The Eleventh Circuit concluded that district court did not err in granting summary judgment on the Brannens’ waiver argument since there was no evidence of waiver.

Entry Into A New Contract

The Brannens argued that by cashing their check with full knowledge of its purpose, the insurance company created and breached a binding contract. More specifically, they argued that their demand was a clear offer to the insurance company to accept the late premium in exchange for death benefits, forgoing bad faith litigation, and a report to the insurance commissioner.

The Georgia Court of Appeals has held that “[t]he acceptance of premiums after default does not create a new contract, but merely continues the binding effect of the original policy.” Union Cent. Life Ins. Co. v. Merrell, 184 S.E. 655, 657 (Ga. Ct. App. 1936). To hold otherwise would mean that acceptance of belated premiums could result both in a revival of a lapsed contract and the formation of a new contract. Taken even further, it would mean that any insured could send a letter and check to their insurer and then bind the insurer to whatever “offer” the letter purportedly described when the check is deposited. Neither of these outcomes comports with Georgia contract law or common sense.

The district court correctly concluded there was no dispute of material fact that the insurance company did not waive the policy lapse and that the insurance company did not accept an offer to enter into a new contract. Accordingly, the district court did not err in granting summary judgment in the insurance company’s favor.


Life insurance is nothing more than a contract. When that contract requires regular payment of premium it stays in effect as long as the payment is made in a timely fashion. In this case the policyholder allowed the policy to lapse. The heirs, though their attorney, attempted to collect on a no longer effective $2.3 million policy by belatedly sending a check for the premium not paid and claiming that cashing the check and holding it for 12 days was sufficient to reinstate the policy after the death of the insured. It was a good try but failed because the insurer returned the check promptly and because the payment was too late to reinstate the policy after the policyholder had died.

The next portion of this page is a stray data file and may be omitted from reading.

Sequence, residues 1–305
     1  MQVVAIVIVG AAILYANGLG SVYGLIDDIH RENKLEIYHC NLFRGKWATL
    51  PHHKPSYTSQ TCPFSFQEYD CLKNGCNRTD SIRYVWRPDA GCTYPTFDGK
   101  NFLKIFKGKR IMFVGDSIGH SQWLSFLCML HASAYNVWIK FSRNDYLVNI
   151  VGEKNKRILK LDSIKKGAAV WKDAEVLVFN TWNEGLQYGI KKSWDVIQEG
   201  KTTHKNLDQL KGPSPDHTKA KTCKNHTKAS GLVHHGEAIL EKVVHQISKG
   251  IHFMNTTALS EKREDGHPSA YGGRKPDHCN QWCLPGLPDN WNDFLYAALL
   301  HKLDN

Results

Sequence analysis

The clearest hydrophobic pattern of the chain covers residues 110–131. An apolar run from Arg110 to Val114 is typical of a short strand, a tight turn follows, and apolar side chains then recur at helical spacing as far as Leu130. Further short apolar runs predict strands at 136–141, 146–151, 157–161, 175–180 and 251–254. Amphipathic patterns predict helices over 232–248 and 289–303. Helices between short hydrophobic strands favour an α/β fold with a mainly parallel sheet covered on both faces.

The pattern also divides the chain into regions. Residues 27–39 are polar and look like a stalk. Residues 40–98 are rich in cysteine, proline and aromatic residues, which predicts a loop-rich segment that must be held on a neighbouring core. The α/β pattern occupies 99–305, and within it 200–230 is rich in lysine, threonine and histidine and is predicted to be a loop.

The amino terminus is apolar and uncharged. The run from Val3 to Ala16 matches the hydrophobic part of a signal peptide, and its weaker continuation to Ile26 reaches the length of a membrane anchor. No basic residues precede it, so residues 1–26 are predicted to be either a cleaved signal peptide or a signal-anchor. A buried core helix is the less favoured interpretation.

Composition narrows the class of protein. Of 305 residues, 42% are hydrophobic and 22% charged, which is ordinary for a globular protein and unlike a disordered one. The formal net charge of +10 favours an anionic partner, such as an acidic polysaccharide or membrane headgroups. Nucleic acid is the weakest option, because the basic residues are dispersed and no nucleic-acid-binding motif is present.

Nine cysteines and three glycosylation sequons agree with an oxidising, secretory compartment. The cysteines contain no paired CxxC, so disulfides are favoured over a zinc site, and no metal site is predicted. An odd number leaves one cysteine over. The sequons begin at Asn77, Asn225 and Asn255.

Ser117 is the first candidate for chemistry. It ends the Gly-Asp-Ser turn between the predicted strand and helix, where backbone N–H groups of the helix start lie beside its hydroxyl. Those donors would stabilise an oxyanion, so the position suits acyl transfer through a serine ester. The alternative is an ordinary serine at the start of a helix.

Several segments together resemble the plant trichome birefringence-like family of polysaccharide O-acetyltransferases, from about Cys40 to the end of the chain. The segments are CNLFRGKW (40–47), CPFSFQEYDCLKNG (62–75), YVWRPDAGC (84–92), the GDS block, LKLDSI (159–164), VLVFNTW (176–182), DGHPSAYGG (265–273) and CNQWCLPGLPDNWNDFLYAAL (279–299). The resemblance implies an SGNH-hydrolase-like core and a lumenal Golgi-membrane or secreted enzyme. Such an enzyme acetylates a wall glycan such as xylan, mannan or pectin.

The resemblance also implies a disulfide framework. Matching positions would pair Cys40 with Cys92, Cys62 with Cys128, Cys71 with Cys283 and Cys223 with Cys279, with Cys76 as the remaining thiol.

© 2020 – Barry Zalma

This article, and all of the blog posts on this site, digest and summarize cases published by courts of the various states and the United States.  The court decisions have been modified from the actual language of the court decisions, were condensed for ease of reading, and convey the opinions of the author regarding each case.

Barry Zalma, Esq., CFE, now limits his practice to service as an insurance consultant  specializing in insurance coverage, insurance claims handling, insurance bad faith and insurance fraud almost equally for insurers and policyholders. He also serves as an arbitrator or mediator for insurance related disputes. He practiced law in California for more than 44 years as an insurance coverage and claims handling lawyer and more than 52 years in the insurance business. He is available at and

Mr. Zalma is the first recipient of the first annual Claims Magazine/ACE Legend Award.

Over the last 52 years Barry Zalma has dedicated his life to insurance, insurance claims and the need to defeat insurance fraud. He has created the following library of books and other materials to make it possible for insurers and their claims staff to become insurance claims professionals.

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About Barry Zalma

An insurance coverage and claims handling author, consultant and expert witness with more than 48 years of practical and court room experience.